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Oppositional Defiant Disorder is Alive and Well

April 15, 2010

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(Source)      
But which one should be diagnosed?

Diagnostic criteria for 313.81 Oppositional Defiant Disorder
A. A pattern of negativistic, hostile, and defiant behavior lasting at least 6 months, during which four (or more) of the following are present:
(1) often loses temper
(2) often argues with adults
(3) often actively defies or refuses to comply with adults’ requests or rules
(4) often deliberately annoys people
(5) often blames others for his or her mistakes or misbehavior
(6) is often touchy or easily annoyed by others
(7) is often angry and resentful
(8) is often spiteful or vindictive
Note: Consider a criterion met only if the behavior occurs more frequently than is typically observed in individuals of comparable age and developmental level.
B. The disturbance in behavior causes clinically significant impairment in social, academic, or occupational functioning.
C. The behaviors do not occur exclusively during the course of a Psychotic or Mood Disorder.
D. Criteria are not met for Conduct Disorder, and, if the individual is age 18 years or older, criteria are not met for Antisocial Personality Disorder.

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11 Comments leave one →
  1. unmoored permalink
    April 15, 2010 9:23 am

    See Snopes for more information.

  2. April 15, 2010 9:32 am

    Is it a fake? That’s too bad, it’s hilarious.

  3. April 15, 2010 9:41 am

    Snopes maintains its status is “inconclusive.” From my experience (working nearly two years in primary and secondary schools) it’s definitely not outside the realm of possibility.

  4. Canadian Curmudgeon permalink
    April 15, 2010 10:30 am

    How many teenagers would be diagnosed using these criteria. Hell, I probably would have fit that at 14.
    I am sure that at a certain level of defiance, it wold indicate some sort of disorder.

  5. April 15, 2010 1:33 pm

    It’s in the DSM-IV. It’s supposed to be on the tail end of the behaviour disorder spectrum, i.e., when the behaviour isn’t serious enough to merit a Conduct Disorder diagnosis. Not terribly useful for clinicians.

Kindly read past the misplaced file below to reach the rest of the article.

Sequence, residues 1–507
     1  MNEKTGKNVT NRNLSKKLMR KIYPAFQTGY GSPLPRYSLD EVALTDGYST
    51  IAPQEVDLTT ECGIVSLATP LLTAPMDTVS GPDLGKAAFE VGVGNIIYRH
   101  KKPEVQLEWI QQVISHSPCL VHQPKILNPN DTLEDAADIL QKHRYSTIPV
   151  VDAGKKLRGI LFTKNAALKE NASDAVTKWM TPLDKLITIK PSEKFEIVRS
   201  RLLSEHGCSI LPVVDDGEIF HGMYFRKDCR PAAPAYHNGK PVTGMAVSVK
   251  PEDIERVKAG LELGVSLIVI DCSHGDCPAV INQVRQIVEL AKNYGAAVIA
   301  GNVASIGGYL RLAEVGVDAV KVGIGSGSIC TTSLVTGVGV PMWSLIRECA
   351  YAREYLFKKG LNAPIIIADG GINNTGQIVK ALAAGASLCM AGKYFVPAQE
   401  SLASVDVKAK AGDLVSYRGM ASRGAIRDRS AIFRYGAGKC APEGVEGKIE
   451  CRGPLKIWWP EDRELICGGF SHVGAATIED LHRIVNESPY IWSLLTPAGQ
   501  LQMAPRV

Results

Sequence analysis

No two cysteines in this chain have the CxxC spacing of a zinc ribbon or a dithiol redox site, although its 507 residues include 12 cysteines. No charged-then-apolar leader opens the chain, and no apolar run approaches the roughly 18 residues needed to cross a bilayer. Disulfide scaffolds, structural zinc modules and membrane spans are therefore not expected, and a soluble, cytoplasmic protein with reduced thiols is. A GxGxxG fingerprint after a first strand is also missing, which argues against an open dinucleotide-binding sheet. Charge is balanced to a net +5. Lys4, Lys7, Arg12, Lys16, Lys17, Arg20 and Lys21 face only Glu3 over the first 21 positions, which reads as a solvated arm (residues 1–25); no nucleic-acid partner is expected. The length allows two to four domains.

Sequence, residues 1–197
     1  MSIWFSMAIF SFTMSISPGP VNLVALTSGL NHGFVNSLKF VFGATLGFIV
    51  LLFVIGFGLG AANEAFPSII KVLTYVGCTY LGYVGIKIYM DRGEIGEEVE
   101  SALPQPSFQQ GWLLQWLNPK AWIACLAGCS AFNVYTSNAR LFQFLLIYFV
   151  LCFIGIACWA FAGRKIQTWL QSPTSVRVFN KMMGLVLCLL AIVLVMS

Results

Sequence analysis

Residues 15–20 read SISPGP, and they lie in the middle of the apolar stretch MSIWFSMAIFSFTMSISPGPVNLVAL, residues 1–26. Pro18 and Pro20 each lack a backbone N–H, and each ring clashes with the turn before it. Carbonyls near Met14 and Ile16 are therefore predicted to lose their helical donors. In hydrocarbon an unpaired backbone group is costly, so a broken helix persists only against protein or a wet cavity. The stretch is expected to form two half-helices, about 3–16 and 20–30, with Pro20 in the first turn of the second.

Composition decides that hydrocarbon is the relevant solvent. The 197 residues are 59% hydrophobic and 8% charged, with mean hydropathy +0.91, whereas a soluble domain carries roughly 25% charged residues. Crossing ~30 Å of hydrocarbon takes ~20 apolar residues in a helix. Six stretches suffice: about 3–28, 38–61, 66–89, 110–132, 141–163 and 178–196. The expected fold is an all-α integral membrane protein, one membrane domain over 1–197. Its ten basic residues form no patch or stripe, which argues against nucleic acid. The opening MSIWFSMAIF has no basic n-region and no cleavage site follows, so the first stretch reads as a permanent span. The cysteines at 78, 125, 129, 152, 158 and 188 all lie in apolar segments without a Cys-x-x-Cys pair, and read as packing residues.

6. Lassi Hippeläinen permalink
    April 16, 2010 3:38 am

    Is that the test you have to pass to become a member of the Tea Bugger Party?

  7. Kat permalink
    April 16, 2010 4:41 am

    Even if it is a fake, letters of a very similar kind are definitely real. My parents received a very similar letter from one of my teachers when I was in grade school.
    I’d vote D because to me his behavior does not seem (from the description anyway) significantly worse than what might be expected given the circumstance and his age, etc.
    But since my parents got one of these letters too, maybe I’ve got the same disorder as this kid and that’s why I can’t diagnose it 🙂

  8. dmitry permalink
    April 16, 2010 8:15 am

    None of the criteria should be met. If this child was oppositional to this one teacher on this one occasion — because the teacher was obviously wrong and being stupid — then it cannot be ODD. If this child acts in this way in most of his classes and for most of the time, then you might have a case for ODD.

  9. Dan Clark permalink
    April 17, 2010 12:45 pm

    “Insisted numerous times” is they key phrase here. The teacher should be diagnosed with poor teaching abilities.

  10. Simon permalink
    April 18, 2010 12:17 am

    So the poor sod gets labelled with a psychiatric “disorder” because they didn’t put up with a teacher’s inaccuracy and egomania? I had that happen to me, the teacher got peeved, checked his facts and then apologised to me the next lesson (Stephenson didn’t invent the steam locomotive, it was Trevithick). The teacher needs the help! GO ALEX!

  11. May 18, 2010 10:35 am

    I’m reminded of the definition that Cochran and Harpending, in “The Ten-Thousand Year Explosion,” give for ADHD: “… best defined as a set of behaviors that irritate grade-school teachers.”

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